Admittedly, Dr. Clark's narrative at the hearing was not a model of clarity. He began by saying that he “tend[ed] to agree pretty much with what [Dr. Saidi's] examination said.” Id. at 77. But immediately after saying this, he went on to outline some significant points of disagreement he had with Dr. Saidi's opinions. First, he found no explanation for the postural limitations Dr. Saidi assigned. Nor did he think Dr. Saidi's limitation on Ms. Wells' sitting and standing to only five minutes was supported by his examination or by her history. In fact, Dr. Clark stated that “the physical examination is not substantiating difficulty walking or standing.” Id. at 80. By the end of his initial discussion of Dr. Saidi's report, Dr. Clark had mostly expressed his agreement with those portions of the report that outlined Ms. Wells' affirmative capabilities. See id. at 78 (Dr. Clark's testimony noting that Dr. Saidi “felt she could do all those things”). Dr. Clark then concluded his initial discussion of the report by noting that “I don't think she could do anything heavier than light work.” Id.

The language we have cited in Dr. Clark's analysis generally supports the ALJ's rejection of Dr. Saidi's opinion. But Ms. Wells zeroes in on two particular areas of agreement between Dr. Clark and Dr. Saidi that she claims the ALJ failed to explain. She contends the ALJ should have detailed “why he did not accept Dr. Clark's agreement with Dr. Saidi's limits on [Ms.] Wells ['] ability to reach and handle, and the inability to work an eight-hour workday.” Aplt. Br. at 23.

Ms. Wells fails to show that Dr. Clark adopted Dr. Saidi's conclusion that she could not work an eight-hour day; such a conclusion would have been inconsistent with Dr. Clark's general observations concerning her ability to work. The limits on reaching and handling present a different problem. The VE testified that if accepted, they would preclude Ms. Wells' performance of her sedentary PRW. See Aplt.App., Vol. I at 119. While Dr. Clark did not specifically adopt these limitations, nor did he reject them, even though he was clearly familiar with Dr. Saidi's report and expressly detailed his reservations concerning other portions of it.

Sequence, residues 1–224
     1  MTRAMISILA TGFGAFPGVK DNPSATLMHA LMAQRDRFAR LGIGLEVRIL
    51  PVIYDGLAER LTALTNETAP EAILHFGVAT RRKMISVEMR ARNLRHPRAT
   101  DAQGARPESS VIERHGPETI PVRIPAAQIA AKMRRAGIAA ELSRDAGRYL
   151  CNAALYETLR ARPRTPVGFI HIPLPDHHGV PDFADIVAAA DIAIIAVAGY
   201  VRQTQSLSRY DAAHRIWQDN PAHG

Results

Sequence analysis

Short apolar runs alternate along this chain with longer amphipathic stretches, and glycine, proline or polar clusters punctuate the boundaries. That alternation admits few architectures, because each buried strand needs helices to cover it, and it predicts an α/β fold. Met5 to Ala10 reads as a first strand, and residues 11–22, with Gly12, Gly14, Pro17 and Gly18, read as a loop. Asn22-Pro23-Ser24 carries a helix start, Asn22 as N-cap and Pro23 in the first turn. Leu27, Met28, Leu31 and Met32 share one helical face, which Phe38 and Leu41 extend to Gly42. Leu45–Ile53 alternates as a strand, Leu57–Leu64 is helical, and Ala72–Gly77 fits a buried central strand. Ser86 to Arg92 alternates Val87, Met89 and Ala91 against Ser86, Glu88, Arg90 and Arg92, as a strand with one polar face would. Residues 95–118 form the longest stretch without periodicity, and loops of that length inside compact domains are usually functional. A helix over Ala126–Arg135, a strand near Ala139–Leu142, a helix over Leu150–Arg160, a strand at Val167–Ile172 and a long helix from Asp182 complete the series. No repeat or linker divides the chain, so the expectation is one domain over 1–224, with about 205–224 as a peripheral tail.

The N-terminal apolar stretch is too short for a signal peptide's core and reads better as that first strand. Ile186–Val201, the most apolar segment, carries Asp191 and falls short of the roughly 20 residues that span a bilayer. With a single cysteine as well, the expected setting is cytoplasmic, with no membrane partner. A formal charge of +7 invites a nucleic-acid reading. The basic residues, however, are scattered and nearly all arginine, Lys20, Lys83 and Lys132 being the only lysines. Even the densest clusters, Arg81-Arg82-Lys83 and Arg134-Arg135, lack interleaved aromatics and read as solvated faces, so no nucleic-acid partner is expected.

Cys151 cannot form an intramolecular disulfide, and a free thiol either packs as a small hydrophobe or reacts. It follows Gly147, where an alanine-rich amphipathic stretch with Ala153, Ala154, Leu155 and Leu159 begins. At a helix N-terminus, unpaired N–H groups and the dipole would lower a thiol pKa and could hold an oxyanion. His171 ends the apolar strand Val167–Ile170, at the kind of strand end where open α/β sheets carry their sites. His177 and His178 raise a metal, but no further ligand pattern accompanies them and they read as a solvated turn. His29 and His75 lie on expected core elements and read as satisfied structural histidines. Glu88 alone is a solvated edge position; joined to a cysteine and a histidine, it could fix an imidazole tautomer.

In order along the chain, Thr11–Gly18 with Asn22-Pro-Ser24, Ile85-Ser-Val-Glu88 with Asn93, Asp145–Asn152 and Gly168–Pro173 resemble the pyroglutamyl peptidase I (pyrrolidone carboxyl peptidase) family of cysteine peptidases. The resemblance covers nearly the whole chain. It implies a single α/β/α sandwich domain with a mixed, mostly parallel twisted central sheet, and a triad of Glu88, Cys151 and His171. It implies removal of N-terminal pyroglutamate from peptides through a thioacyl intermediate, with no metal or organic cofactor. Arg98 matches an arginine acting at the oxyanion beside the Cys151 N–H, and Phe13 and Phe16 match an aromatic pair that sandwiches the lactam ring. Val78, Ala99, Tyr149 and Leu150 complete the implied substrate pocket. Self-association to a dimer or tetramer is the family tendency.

Of course, in addition to relying on Dr. Clark's testimony, the ALJ rejected Dr. Saidi's opinions because they lacked objective findings and were inconsistent with the supporting narrative. Indeed, Dr. Saidi expressly based some of the restrictions in his medical source statement on a simple determination that there were “no ․ other significant findings.” Id., Vol. II at 665–66. But neither of these objections seems to apply to the limitations Dr. Saidi imposed on reaching and handling. Dr. Saidi stated he imposed the limitations because Ms. Wells' “range of motion in shoulder and neck are within normal limit[s] but associated with stiffness,” a conclusion neither unsupported by his objective medical testing nor inconsistent with his narrative. Id. at 665.11

Given the VE's statement about the effect of these limitations on Ms. Wells' ability to perform her PRW, and given our remand on other grounds, the ALJ should re-evaluate on remand Ms. Wells' alleged limitations on reaching and handling. He should provide proper reasons if he again chooses to reject them, or else properly factor them into his analysis of her RFC.

C. Physician Assistant Boatner's Assessment